In August 1967, as the Picard hearings were nearing their end, the Federation took stock of its collective-bargaining agenda. There was a lot of planning to do. With the experience of the Picard commission still fresh in our minds, we now understood the need to have representatives from the independent stevedoring community on the Federationʼs Labour Committee and also to hire full-time French-speaking staff and to create a separate labour-relations office. As a first step, the Federation appointed a new Labour Committee, whose members, besides myself, were Captain John Paul Martin, of Saquenay Shipping, as chairman; Mike Woodall of Furness...

  11. CHAPTER FIVE The Agreement of 1969
    (pp. 118-136)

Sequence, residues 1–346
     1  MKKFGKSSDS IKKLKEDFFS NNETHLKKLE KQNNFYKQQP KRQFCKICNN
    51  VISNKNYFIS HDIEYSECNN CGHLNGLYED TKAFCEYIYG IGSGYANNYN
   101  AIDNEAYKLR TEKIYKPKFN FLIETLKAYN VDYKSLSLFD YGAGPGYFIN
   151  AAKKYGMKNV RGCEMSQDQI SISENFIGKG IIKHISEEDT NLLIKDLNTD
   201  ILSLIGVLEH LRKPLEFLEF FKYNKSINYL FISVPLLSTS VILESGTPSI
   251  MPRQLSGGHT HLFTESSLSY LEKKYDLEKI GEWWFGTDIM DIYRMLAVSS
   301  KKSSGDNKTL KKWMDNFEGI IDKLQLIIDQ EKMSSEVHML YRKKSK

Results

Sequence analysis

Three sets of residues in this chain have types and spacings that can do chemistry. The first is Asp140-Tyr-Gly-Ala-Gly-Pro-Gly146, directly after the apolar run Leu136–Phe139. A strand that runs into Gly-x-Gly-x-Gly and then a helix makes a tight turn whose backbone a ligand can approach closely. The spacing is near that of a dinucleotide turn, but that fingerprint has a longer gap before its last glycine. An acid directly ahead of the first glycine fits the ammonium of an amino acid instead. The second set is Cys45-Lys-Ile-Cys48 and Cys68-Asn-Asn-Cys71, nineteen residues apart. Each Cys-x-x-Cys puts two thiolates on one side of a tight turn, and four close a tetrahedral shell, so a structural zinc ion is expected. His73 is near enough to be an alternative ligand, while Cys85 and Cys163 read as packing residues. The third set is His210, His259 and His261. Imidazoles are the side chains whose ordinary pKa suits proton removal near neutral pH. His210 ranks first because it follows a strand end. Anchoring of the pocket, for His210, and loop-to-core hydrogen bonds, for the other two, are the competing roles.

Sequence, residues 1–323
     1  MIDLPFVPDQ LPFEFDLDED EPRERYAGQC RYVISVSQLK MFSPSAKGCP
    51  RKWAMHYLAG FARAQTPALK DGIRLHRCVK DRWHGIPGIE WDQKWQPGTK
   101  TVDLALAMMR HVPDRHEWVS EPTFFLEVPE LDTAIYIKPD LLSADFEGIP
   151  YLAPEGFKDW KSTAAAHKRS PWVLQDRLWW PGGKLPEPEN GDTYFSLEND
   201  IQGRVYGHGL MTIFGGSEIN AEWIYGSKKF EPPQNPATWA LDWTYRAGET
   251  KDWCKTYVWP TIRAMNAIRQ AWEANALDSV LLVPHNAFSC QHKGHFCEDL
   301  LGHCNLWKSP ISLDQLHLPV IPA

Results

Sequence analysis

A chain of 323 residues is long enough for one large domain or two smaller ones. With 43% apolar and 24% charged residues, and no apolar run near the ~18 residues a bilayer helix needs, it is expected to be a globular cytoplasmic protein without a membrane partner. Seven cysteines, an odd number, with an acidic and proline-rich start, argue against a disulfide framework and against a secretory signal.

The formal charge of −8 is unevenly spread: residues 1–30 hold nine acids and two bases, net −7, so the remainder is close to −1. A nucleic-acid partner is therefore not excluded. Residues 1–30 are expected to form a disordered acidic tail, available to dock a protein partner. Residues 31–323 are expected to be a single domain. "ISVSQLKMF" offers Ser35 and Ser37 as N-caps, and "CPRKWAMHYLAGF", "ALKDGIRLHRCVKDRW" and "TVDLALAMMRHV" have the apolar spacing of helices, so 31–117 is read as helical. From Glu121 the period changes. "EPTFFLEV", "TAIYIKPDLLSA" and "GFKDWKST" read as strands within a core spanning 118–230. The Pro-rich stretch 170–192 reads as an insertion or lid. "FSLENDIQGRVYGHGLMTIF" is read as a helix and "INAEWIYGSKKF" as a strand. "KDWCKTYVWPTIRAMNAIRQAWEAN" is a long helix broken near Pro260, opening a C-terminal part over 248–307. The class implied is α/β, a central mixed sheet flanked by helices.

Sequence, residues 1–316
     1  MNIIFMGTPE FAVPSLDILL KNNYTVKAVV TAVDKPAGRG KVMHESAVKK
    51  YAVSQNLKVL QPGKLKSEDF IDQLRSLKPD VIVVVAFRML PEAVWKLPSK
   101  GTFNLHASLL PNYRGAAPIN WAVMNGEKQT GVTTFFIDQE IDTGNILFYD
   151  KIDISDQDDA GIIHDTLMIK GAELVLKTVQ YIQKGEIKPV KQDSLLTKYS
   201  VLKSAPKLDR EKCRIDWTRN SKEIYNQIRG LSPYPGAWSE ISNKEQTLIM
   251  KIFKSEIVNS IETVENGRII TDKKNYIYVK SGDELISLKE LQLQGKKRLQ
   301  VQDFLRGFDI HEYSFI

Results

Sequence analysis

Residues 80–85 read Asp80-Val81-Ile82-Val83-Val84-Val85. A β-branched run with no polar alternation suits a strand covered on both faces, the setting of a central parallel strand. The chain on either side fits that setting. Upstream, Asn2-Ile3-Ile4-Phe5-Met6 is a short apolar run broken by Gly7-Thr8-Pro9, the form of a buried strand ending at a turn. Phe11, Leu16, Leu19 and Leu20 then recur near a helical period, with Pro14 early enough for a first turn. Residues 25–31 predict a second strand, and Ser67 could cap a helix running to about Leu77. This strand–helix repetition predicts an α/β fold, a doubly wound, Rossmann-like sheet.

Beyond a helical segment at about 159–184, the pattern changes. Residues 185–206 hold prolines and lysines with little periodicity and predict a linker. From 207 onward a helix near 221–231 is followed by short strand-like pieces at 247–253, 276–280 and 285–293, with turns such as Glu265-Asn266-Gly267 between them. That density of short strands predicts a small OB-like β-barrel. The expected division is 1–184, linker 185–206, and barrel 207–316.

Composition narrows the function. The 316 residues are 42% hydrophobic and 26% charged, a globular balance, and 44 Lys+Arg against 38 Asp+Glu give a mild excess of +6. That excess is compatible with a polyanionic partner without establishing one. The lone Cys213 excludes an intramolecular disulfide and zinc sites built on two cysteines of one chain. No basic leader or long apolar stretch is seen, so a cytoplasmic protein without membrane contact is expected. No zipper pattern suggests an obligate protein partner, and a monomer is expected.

The 1966 agreement, extended on an interim basis, was due to expire on 31 December 1968. Much progress had been made in 1968 to implement the changes recommended by the Picard Report: canteens, washrooms, and rest-benches had been built, as was the first container terminal in Canada, scheduled to go into operation in the spring; a basic dispatch system using tape recorders hooked on a series of telephones (code-a-phones) was being run jointly with the union from Federation premises; and the rotation system had been tightened and improved. Nevertheless, as the time for negotiations approached, tensions started rising and grievances...

  12. CHAPTER SIX Treading Water
    (pp. 137-160)